"I started incorporating sounds that you never heard before and pushing and having concepts that people don't talk about," West said. "We have concepts talking about body-shaming and women being looked down upon for how many people that they slept with. It's just a full Ye album and those five albums I dropped earlier were like superhero rehabilitation and now the alien Ye is fully back in mode… We're going to Africa in two weeks to record. I felt this energy when I was in Chicago. I felt the roots. We have to go to what is known as Africa."

In Africa, Kanye West hasn't laid low. Photos from his arrival hit the internet, and somehow, he was filmed listening, dancing and vibing to African music. Those songs include Mystro's "Immediately," and Burna Boy's "Ye." The videos have gone viral, Africans are wowed by Kanye's interaction with their music, reactions and takes, Africa is moved by Kanye West interacting with our music. Somehow, I used to think we are over this type of event. The event where an an American superstar, who has a huge fan base in Africa, dances to our music, and we lose it. But I was wrong. This content format still has power.

Scream all you want. Feel the euphoria of Kanye moving to our drums, but don't forget he's here for marketing. His album is about to drop, and he's publicly alerted the world that he needs to be in Africa and its strong cultural influence to complete the project. Everyone is watching, the conversation has global traction, and Africans are supporting him. Since Kanye got heat for his infamous "Slavery was a choice," comment, I knew Africa will become a part of that story. The past week has seen him visit President Donald Trump at the white house, and further moved away from the love of his African-American base in the US. Black people are not behind Kanye West right now. The media is tearing him to shreds. Celebrities are in a social media race to dissociate themselves from him. Many fans aren't proud of their icon. But he is in the Motherland, dancing to its native music, and we can all cheer.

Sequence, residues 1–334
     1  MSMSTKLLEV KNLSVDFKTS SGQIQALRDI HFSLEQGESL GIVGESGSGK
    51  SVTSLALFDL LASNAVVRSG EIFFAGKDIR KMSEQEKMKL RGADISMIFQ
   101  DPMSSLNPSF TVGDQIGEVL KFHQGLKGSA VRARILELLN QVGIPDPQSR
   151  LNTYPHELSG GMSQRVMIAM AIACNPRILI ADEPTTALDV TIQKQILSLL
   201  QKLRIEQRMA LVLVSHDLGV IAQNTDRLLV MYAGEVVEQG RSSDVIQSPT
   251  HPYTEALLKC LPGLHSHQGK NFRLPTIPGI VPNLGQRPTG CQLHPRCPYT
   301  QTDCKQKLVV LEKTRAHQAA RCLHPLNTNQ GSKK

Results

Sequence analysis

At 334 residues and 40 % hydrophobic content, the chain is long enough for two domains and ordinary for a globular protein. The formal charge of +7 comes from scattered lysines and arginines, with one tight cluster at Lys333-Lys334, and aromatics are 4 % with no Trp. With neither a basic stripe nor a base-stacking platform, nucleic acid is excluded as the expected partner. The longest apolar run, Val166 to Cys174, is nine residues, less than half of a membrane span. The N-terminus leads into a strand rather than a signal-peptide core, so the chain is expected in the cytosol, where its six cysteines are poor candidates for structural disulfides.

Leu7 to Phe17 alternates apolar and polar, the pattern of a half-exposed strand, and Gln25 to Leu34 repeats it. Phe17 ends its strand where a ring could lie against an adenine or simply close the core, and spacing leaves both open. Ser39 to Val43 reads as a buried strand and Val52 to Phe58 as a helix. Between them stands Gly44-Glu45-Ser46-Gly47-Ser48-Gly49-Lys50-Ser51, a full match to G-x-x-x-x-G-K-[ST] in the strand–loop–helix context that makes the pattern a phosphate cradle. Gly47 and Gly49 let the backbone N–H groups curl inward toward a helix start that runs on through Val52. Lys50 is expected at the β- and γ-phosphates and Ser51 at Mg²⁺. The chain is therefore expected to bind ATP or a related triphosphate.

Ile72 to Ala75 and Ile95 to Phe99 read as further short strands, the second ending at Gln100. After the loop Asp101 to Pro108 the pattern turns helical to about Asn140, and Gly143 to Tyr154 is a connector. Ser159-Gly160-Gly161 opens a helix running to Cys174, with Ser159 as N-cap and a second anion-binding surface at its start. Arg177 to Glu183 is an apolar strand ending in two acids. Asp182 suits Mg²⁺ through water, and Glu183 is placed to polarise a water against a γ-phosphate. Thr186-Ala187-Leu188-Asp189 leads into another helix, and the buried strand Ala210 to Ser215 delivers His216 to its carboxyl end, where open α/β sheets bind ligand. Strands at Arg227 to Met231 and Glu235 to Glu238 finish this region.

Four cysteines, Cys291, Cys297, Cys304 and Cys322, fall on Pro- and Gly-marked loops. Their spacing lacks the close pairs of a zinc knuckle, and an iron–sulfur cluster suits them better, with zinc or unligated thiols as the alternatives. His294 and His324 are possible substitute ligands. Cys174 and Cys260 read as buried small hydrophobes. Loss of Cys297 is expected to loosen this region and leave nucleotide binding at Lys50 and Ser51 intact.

"I'm in Africa recording," he says in a 9 minute video on Twitter about mind control free thinking and his greatness. "We just took them to the future with the dome. The music is the best on the planet. I am the best living recording artist. We, rather, because the spirits flow through me. The spirit of Fela, the spirit of Marley, the spirit of Pac flows through me. We know who the best. We know."

On the surface, Africa appears to be a gimmick. A play by a great artist to expand the story of his album for marketing talking points. Yandhi is already anticipated, and generations after us will study his art and point to this project as the one where Africa played a direct role. This black continent is a marketing tool for Kanye. Son of Fela Kuti, Seun Kuti, has already disassociated Fela Kuti's spirit from Kanye's claims. "On behalf of the Kuti family, I want to state that the spirit of Olufela Anikulapo Kuti isn't anywhere near Kanye West," Seun announced on Instagram.

Perhaps marketing isn't Kanye's only reason for his African trip. Maybe, the world is too harsh on Kanye West and his new level of introspective vibrations. Maybe we aren't seeing the bigger picture. Oh gosh! We might all be victims of this grand mind control programme that West talks about! What if Kanye West is on these shores for some actual influence? Africa has a rich spectrum of sounds, laden with enough culture, soul and character to influence any type of music. From Cairo down to Lagos, there's enough music to add colour.

A clear way for justification of his African trip is perhaps for Kanye West to give back. He is connecting to the 'roots' after all. He is soaking in the energy for inspiration. Perhaps he might actually get to work with an African artist while on the continent. Already, Perhaps Africa's contributions to the project will be anchored by an African. Already, in his creative dome, Ugandan producer extraordinaire, Benon Mugumbya, has been pictured. If he gets some of that Yhandi shine, it wouldn't hurt.

Kanye officially has to be the first hip-hop star to make a trip to the continent for direct inspiration since Africa began to hug the spotlight as an interesting market for global music players. Recent years have witnessed the penetration of African music into global pop spaces. Africa has become the new cool. And as her sonic influence grows, more artists would continue to find new ways to interact. Kanye is making a splash with this. Perhaps, he will be the inspiration for more exchange between Africa and Europe.

Perhaps, his music isn't his true reason for this trip. Maybe Ye just wants to get away from the madness from the USA, and go find Wakanda. Maybe he will discover Ye-Kanda. Either way, only the final version of Yhandi will contain the answers that we seek, and Kanye West's true intention. For now, he is already winning. All those marketing points are already helping the project.


Belgium's First Black Mayor Is a Congolese Immigrant

Pierre Kompany, who came to Belgium from the DRC as a refugee in 1975, was elected mayor of a Brussels borough this week.

Pierre Kompany, a Congolese immigrant and father of professional football players Vincent and Francois Kompany, has been elected mayor of the Ganshoren borough in Brussels, BBC reports.

This is a history-making moment, as this victory makes Kompany Belgium's first black mayor.